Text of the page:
The New Hampshire Legislature will control the decennial redistricting, drawing the congressional and state legislative redistricting maps following the 2020 census.
However, Democrats are in a better spot going into 2021 than they were in 2011, controlling more legislative chambers or governorships than 10 years ago, thus forcing compromise on redistricting. Also in 2011, the GOP had full control over redrawing the maps in New Mexico, Nevada, Maine, and Oregon. That’s no longer the case.
Further, Democrats were able to announce supermajorities in the legislatures of three states—New York, Delaware, and Connecticut—after big wins there from election night. But those are all legislatures where the party already held majorities.
The Democratic Legislative Campaign Committee acknowledged receipt of an email inquiry from The Daily Signal, but did not immediately respond to phone and email inquiries for this article.
In a USA Today op-ed, Democratic Legislative Campaign Committee President Jessica Post sought to put a positive spin on the outcome, while conceding, “There’s no doubt that down-ballot Democrats generally fared poorly in 2020.”
She noted success in the past decade with Democrats winning control of legislatures in four states. Over that same time, the party also took back governorships in Kansas, Wisconsin, Kentucky, Pennsylvania, Louisiana, and Michigan.
“Democrats will have profoundly greater influence over redistricting heading into this decade than we did the last, and voters in many states will be drawn into fair, non-gerrymandered districts for the first time in a generation,” Post wrote in the op-ed.
Progressive groups, such as All on the Line, run by former Attorney General Eric Holder, and Forward Majority, spent heavily on states in 2020 in an attempt to cement Democratic majorities at the state and congressional levels. Republicans were outgunned financially, as liberal groups poured some $200 million into flipping state legislatures to Democrats, Abrams said.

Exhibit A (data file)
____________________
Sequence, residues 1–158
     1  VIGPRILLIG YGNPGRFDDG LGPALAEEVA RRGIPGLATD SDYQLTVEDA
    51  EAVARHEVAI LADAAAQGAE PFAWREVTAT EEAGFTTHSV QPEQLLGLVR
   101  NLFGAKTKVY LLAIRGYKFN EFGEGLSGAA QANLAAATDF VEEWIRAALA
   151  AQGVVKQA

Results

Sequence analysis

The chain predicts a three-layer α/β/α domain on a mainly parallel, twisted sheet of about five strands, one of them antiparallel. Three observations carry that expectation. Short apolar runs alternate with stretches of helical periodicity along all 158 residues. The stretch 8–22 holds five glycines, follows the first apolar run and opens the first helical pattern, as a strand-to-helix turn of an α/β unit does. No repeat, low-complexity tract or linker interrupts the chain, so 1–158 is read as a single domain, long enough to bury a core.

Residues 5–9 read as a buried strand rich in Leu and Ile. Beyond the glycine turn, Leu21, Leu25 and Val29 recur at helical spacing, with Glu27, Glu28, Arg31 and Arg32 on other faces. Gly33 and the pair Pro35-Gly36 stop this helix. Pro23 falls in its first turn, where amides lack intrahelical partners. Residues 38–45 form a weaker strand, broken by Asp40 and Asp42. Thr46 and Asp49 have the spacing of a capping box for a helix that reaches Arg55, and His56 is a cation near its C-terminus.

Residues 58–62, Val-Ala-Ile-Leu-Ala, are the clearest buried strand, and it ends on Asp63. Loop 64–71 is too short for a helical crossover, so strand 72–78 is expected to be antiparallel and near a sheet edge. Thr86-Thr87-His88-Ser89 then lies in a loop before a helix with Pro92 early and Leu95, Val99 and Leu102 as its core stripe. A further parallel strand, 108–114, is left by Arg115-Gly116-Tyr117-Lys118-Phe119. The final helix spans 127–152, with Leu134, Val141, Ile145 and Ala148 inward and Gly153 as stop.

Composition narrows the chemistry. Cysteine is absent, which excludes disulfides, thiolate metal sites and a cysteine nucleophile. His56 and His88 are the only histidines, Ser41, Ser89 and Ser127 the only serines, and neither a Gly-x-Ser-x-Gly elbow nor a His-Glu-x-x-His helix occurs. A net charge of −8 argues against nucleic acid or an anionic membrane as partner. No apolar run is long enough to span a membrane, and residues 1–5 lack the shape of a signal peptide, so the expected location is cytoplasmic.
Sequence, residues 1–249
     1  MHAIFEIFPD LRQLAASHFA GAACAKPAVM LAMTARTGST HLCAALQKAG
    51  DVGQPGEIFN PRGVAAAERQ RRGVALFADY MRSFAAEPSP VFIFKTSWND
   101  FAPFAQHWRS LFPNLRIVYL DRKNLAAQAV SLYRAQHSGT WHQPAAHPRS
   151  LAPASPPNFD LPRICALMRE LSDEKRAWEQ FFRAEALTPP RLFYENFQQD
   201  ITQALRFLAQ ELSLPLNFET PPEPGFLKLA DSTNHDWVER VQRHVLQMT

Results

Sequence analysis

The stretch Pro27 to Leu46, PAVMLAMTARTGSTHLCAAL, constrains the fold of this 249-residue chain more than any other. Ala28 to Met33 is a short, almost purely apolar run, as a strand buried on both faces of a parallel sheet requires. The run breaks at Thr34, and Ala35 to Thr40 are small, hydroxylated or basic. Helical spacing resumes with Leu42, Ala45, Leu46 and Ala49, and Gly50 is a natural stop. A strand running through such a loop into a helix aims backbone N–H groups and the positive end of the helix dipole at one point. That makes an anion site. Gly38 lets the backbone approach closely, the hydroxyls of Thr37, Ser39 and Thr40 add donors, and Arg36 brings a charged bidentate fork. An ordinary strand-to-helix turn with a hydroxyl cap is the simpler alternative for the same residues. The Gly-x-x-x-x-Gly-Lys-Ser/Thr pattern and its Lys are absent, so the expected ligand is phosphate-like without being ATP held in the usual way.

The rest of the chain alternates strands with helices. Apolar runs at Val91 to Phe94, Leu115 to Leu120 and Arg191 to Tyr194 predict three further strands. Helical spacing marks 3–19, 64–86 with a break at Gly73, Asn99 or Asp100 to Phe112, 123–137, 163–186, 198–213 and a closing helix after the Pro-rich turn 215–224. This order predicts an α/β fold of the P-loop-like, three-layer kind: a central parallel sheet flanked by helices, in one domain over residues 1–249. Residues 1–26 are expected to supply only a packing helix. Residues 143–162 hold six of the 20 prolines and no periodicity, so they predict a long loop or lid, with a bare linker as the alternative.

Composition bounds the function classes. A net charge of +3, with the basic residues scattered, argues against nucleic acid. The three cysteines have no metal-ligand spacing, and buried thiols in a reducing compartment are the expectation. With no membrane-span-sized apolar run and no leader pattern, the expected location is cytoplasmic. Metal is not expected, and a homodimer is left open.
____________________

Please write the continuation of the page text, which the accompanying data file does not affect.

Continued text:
“In redistricting years, this being one of them, our main priority is to win the legislative seats and legislative majorities where the legislature plays a large—if not the sole—role in the redistricting process for the benefit of preventing opportunities for liberals to gerrymander themselves into near-permanent majorities, both at the state and congressional level,” he said.
The progressive groups were targeting the states of Arizona, Colorado, Florida, Georgia, North Carolina, Ohio, Pennsylvania, Texas, and Wisconsin, but to no avail.
“When you look at states like Texas and North Carolina, where large populations will gain congressional seats through reapportionment in the year to follow, obviously, quite a bit was at stake,” Abrams said. “So, obviously, that’s a key focus of ours, and we were successful in preventing Democrats from rigging a lot of these maps.”
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Fred Lucas is chief national affairs correspondent for The Daily Signal and co-host of “The Right Side of History” podcast. Lucas is also the author of “Abuse of Power: Inside The Three-Year Campaign to Impeach Donald Trump.”